Samsung Electronics said Thursday its foldable smartphones will be available in South Korea on Sept. 6 in two colors, Cosmos Black and Space Silver.
After its South Korea launch, the Galaxy Fold will also be available in Singapore, France, Germany and the United Kingdom starting Sept. 18. Samsung has not yet revealed a launch date for the United States but the company's U.S. website directs users to join a wait list.
The world's largest smartphone maker said the Galaxy Fold that's available in Singapore will support LTE, a fourth-generation of mobile networks. It will cost around 3,088 Singapore dollars (about $2,232), the tech firm said.
In Europe, the Galaxy Fold will cost around 2,000 euros (about $2,204) for the non-5G model and 2,100 euros for the 5G-ready devices that will be available in Germany.
While the 5G-ready version will also be available in the U.K., Samsung did not disclose the Galaxy Fold's pricing there.
Galaxy Fold can be used both as a traditional smartphone and as a tablet, with a special foldable display screen. But, it carries a steep price tag of around $2,000.
The South Korean electronics giant was initially set to release the Galaxy Fold smartphone in late April. But reviewers encountered issues with early testing units, and Samsung delayed the launch to fix the glitches and canceled all pre-orders for the device.
In July, Samsung said it had rectified the issues and would launch the smartphone this month.
Globally, the smartphone industry is still struggling for growth as many users are holding on to their devices longer. However, there are some bright spots in places such as India and Southeast Asia.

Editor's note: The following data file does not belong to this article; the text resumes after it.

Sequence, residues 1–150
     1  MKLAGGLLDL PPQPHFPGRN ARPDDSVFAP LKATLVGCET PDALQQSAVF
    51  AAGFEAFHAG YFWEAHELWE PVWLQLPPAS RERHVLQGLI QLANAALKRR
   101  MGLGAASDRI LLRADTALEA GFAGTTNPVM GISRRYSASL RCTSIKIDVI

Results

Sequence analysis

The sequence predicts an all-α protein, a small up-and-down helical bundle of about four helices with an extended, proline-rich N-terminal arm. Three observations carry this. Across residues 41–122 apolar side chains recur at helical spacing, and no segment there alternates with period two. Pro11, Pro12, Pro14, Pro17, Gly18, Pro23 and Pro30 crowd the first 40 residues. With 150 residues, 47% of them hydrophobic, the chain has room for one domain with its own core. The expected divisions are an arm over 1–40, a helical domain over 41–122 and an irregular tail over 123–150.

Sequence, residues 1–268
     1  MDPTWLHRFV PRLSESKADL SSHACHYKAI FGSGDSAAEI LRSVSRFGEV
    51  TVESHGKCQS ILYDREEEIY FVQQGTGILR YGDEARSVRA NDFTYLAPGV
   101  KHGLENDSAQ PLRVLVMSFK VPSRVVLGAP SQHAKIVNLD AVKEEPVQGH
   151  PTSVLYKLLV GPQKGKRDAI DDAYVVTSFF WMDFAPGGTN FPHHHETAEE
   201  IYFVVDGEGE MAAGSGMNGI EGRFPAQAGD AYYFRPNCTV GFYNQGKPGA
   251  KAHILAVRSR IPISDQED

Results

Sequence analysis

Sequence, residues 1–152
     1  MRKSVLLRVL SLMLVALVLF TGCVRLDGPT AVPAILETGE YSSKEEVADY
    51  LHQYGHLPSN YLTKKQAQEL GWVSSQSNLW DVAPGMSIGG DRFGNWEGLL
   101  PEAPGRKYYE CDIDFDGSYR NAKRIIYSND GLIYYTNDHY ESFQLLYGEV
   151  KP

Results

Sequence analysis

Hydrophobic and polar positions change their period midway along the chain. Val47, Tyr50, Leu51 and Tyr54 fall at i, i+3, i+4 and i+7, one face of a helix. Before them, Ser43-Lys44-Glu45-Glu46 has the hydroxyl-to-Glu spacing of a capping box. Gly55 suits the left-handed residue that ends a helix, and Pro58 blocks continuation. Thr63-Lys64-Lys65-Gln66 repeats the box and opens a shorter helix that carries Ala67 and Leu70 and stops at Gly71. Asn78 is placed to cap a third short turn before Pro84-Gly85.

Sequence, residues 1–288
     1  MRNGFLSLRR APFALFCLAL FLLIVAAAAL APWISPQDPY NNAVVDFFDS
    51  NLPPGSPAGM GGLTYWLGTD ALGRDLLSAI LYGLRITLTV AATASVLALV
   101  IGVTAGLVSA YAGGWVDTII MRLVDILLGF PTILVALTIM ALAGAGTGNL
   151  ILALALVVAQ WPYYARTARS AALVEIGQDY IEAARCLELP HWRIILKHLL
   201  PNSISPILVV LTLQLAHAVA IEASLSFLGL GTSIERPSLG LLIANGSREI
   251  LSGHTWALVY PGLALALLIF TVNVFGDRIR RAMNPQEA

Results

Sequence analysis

Numbers from International Data Corporation showed worldwide smartphone shipments fell 2.3% on-year for the three months to June. Figures released by research firm Canalys also pointed to a similar downward trend.
For its part, Samsung maintained pole position in the market ahead of China's Huawei and iPhone maker Apple.
In fact, some analysts previously said the Galaxy Fold could be a "game-changer" in the way people use their smartphones in the next decade, but its steep price would likely deter widespread adoption. That said, a report this week said Samsung is working on a cheaper foldable alternative to the Galaxy Fold.
More broadly, however, the tech company's main profit-making business that supplies memory components used in mobile handsets and enterprise servers has struggled due to low prices and a weakness in demand.